Radio Podcast Interview: Ecoshock “Waking up to Abrupt Climate Change”

I spoke to Mr Yew Jin Lee from the University of Cologne on transboundary haze and peat fires in the region for a radio podcast available at this link. Other experts who were interviewed include Alan Tan, Professor of the National University of Singapore Law School and Dr. Rachel Carmenta, Post-Doctoral Fellow at CIFOR (Centre for International Forestry Research), Indonesia.

Media Interview: CNBC

You can read the full article here.

  1. The haze has affected economies all around the region, but the political tone from the Indonesia’s neighbors has been relatively quiet. Is there a reason regional countries haven’t been more vocal? Are there likely closed-door discussions that might be more direct?
    There are two reasons for the quiet political tone. One is because of the traditional nature of diplomacy in ASEAN. Haze was one of the first environmental issues in the region that was picked up by ASEAN, and much of the regional communication over the issue has been done through or under the auspices of this organization. Hence, the nature of engagement on this issue has very much been following the non-interference, non-confrontational norms of the organization. Under ASEAN norms, it would seem that it is more important to keep Indonesia “on side” (not to offend or overtly pressure Indonesia), with resolving the problem more of a secondary concern. The second reason is because of the interwoven agribusiness linkages that blur the lines between the culprit and victim in this issue. Even though most of the fires occur in Indonesia, commercial plantations, many of which have Malaysian and Singaporean links, have been found to be a major source of these fires there. Hence, neighbouring governments must tread carefully to safeguard and protect their commercial interests in Indonesia. Of course we are not privy to close-door discussions, so we cannot speculate on that. However, the nature of ASEAN also is that most sensitive issues are discussed off-the-record (corridor, or coffee-break diplomacy) so this is quite likely.
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Media Interview: Malaysian Insider

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  1. When did the haze begin to become an annual occurrence, and what are the causes behind it?
    Southeast Asia has been experiencing almost annual haze since 1982. Level of severity varies according to the El-Nino season; El-Nino years (eg. this year) are drier and thus this is when we see more severe haze. During the early years, the haze was normally attributed to villagers in various parts of Indonesia (and to a lesser extent Malaysia) practising swidden agriculture, specifically slashing and burning different parts of the forest to make way for new crops as they go along. However, as time went by, more and more of the haze has been attributed to commercial plantations, especially oil palm and to a certain extent pulp and paper. A key contributor are plantations opening up on peatlands. Even though peatlands are protected lands, demand for land and also other factors (like the lack of villagers living here) has encouraged (usually illegal) opening of these lands. Peatlands are highly fire prone when dried out in preparation for planting. When burned, it produces the thick, black, and heavy smoke that easily travel across state boundaries. And these fires are notoriously hard to put out, as they burn underground. Continue reading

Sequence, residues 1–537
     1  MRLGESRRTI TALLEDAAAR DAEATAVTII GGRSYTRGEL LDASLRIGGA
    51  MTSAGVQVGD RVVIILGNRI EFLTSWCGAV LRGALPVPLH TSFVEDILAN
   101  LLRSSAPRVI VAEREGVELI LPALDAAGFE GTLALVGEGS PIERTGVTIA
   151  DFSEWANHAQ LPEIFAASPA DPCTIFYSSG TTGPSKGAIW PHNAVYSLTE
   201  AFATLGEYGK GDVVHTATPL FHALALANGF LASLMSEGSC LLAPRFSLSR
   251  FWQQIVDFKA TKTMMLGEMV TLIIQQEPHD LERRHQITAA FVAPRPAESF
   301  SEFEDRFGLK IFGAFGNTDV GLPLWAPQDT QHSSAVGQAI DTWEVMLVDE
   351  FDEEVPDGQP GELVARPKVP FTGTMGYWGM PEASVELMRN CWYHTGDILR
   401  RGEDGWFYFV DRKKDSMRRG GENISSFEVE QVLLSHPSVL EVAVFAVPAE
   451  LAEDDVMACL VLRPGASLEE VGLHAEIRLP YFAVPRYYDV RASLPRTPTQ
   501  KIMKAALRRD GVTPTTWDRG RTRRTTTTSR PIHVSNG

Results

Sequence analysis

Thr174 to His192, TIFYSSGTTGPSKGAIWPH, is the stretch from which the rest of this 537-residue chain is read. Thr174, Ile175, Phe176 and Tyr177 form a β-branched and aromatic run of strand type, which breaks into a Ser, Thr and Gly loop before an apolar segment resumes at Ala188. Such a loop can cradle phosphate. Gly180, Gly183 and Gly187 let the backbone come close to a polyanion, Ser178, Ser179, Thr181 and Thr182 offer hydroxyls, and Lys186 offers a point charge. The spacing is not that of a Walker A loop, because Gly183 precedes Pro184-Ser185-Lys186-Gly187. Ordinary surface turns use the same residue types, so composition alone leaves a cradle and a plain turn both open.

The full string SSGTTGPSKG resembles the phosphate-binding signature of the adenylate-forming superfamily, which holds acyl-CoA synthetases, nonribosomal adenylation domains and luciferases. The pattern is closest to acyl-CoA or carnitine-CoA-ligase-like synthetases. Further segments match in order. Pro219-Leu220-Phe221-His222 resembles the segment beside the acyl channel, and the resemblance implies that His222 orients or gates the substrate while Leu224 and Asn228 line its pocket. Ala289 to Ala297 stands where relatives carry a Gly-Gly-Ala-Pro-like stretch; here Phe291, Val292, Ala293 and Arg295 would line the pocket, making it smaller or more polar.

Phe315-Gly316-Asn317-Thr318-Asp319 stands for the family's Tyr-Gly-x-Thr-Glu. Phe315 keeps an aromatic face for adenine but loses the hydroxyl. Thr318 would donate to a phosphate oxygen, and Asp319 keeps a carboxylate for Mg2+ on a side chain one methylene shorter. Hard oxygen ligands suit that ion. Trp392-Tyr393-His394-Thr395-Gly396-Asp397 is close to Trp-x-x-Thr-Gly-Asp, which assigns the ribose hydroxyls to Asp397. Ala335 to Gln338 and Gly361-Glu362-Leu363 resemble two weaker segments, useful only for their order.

Media Interview: Berita Daily

You can read the full article here.

  1. Prime Minister Najib Razak has said urged the Indonesian government to act against the haze causing culprits from the country.Seeing as the haze is no longer something new and can also be considered an annual nuisance, what can the Indonesia do to help curb the matter once and for all?
    The Indonesian government must overcome the corruption and patronage that is rife in their land management. There are two aspects to this. First, the government should ensure that peatlands are not released for agricultural development. Peatlands, when drained for agriculture, become very dry and fire prone (be it accidental or manmade fires). And the fire that burns on peatlands are especially thick, sooty and heavy, which produce the worst kind of haze that can travel across vast distances. Second, the government should properly enforce all its burning laws to ensure that no company or individual can get away with using fire to clear land. At the moment, both of these aspects are easily sidestepped due to the problem of patronage and corruption in the country. Companies with good links to government elites can gain permits for peatlands, and the same firms can often get away with burning due to their healthy relationships with local police.
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